Since a satellite signal has to travel all the way into orbit and back to reach the rest of the internet, satellite connections have much higher latency than other types of internet connections.

Latency is the amount of time it takes for a signal to travel from your computer to a server on the internet. High latency causes lag, which can make activities like video chat and online gaming difficult or impossible. Latency is different from bandwidth or download speed, which means that even if you have a fast connection, it still might have high enough latency to interfere with certain activities.

The future of satellite internet

Satellite internet has improved considerably over the years and is an industry where new companies like Starlink are still innovating. Speeds are getting faster, and a new generation of satellites is poised to accelerate the pace of these changes even further. Although it has definite drawbacks, satellite internet can still be a good option for those who want to stay connected even when they’re chilling in their cabin in the woods.

One of the biggest things to look for in the future is increased competition among satellite providers. Lack of competition is a problem across all types of internet technology, but satellite has a particularly high barrier to entry, which has left just two providers for decades. With several companies developing their own LEO satellite technology, we might finally see more options for satellite customers.

The LEO satellite gold rush is also forcing traditional GSO satellite providers to come up with new solutions to long-standing problems like latency. HughesNet plans to address this issue with its new Fusion plans, which make use of terrestrial wireless networks for latency-sensitive data. This means that if you make a video call or turn on your favorite Twitch streamer, your HughesNet equipment will switch over to a wireless connection in order to deliver that data to your device without the lag you’d get using your satellite connection.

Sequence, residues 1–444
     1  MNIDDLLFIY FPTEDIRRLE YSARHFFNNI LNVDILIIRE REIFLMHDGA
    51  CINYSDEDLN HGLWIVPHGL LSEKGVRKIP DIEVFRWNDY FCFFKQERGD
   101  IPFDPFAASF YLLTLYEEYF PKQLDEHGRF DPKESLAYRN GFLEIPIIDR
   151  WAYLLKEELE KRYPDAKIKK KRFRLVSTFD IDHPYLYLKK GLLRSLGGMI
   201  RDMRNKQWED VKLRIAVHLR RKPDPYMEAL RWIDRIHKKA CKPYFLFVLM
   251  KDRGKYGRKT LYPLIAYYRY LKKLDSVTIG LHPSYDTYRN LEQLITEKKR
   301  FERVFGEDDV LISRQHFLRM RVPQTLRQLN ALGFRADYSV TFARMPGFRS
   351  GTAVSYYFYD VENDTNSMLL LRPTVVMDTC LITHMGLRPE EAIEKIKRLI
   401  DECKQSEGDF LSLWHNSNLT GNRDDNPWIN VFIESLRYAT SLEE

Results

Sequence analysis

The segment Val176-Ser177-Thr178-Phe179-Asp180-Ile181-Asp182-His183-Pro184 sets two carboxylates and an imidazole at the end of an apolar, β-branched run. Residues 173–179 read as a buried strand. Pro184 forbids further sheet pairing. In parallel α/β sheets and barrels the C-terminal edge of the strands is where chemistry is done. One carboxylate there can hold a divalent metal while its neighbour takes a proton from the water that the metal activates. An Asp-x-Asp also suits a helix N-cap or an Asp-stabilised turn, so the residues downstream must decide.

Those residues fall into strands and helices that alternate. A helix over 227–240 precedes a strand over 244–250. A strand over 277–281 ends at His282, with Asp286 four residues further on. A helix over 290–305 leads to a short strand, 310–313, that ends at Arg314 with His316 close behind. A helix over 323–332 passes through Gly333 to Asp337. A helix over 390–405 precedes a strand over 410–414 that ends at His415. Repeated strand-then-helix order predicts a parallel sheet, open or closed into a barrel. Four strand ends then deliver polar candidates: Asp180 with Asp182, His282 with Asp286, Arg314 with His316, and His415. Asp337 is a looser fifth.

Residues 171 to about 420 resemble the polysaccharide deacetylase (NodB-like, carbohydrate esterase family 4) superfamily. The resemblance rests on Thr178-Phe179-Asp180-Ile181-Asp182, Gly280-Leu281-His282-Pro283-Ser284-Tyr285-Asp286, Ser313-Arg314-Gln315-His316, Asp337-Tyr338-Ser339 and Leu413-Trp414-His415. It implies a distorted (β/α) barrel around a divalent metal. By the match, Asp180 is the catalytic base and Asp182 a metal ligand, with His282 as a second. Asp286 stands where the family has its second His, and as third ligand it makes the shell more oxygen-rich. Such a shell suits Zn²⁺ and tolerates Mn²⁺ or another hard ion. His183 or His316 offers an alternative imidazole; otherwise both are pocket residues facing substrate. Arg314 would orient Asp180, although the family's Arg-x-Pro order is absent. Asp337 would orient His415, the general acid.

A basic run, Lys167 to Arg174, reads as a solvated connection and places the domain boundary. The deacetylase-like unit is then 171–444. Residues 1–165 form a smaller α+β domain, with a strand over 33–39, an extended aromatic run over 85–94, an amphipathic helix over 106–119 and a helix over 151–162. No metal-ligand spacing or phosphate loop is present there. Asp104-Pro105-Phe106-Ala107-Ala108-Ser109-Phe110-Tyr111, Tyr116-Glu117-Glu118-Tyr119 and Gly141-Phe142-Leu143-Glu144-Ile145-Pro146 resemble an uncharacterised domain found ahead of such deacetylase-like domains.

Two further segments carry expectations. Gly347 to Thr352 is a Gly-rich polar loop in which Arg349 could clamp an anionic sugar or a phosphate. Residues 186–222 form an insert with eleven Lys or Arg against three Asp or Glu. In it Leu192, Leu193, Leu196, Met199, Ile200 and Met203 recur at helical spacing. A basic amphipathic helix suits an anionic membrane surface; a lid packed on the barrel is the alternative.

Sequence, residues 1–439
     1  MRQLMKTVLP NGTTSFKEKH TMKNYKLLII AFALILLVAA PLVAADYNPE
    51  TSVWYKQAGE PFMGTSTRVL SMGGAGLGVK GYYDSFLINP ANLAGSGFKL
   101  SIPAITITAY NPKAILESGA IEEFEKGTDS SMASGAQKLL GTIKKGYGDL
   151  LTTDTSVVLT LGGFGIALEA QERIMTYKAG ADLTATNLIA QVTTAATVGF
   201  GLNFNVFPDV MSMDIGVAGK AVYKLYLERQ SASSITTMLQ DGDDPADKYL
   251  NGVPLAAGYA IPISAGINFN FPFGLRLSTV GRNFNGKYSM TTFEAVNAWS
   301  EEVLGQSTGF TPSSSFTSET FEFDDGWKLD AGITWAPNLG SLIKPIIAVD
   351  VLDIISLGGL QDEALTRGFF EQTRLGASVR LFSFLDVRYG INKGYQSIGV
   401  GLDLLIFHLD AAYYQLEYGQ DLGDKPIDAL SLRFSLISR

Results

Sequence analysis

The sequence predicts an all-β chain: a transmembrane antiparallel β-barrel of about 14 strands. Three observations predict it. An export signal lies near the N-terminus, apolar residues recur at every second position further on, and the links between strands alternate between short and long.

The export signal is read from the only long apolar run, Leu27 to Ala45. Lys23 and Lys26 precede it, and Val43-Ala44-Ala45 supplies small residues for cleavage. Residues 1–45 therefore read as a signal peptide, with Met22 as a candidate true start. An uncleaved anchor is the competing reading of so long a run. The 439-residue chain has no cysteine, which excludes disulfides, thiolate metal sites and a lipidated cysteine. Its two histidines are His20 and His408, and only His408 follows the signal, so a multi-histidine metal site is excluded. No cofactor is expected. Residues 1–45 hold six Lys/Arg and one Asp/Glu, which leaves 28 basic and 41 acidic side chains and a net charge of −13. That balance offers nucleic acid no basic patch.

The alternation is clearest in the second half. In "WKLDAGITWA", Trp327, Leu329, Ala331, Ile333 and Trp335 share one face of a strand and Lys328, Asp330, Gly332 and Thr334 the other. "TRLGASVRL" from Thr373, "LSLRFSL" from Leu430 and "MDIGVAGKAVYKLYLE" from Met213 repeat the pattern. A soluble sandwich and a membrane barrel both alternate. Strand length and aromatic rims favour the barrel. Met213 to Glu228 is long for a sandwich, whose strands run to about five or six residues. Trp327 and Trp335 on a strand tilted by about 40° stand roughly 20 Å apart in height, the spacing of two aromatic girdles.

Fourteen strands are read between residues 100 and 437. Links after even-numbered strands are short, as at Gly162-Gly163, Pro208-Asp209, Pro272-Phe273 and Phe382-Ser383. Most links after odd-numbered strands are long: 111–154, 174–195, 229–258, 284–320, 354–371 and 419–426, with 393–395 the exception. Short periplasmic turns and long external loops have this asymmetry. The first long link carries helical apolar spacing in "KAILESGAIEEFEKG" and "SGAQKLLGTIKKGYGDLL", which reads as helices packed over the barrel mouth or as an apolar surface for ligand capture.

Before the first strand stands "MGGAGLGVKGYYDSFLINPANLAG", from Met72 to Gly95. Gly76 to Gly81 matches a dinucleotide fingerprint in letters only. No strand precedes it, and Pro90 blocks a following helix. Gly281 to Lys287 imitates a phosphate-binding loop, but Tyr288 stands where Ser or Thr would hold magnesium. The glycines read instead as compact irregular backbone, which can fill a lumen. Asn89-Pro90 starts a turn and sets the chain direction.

Like LEO satellites, hybrid satellite internet like HughesNet Fusion could make a huge difference for rural communities without access to cable or fiber internet. As high-speed options in rural areas increase, people will be able to take advantage of many of the same opportunities for work, entertainment, and education available in urban areas.

The practical reality of connecting via satellite

For now, satellite internet still has enough downsides to make it a less appealing choice than fiber, cable, or DSL. High latency makes it difficult to use video chat or play online games, while low data caps make streaming video impractical.

Because of these factors, we highly suggest going with fiber, cable, or DSL if any of them are available in your area. If not, satellite internet is still a solid alternative to dial-up internet and a good way to stay connected in rural areas.

What other internet options are available for rural areas?

Satellite internet is the only type of internet connection that is available throughout the entire US. However, many rural areas have other options like DSL, hotspots, and 4G LTE internet that might be a better choice for your needs.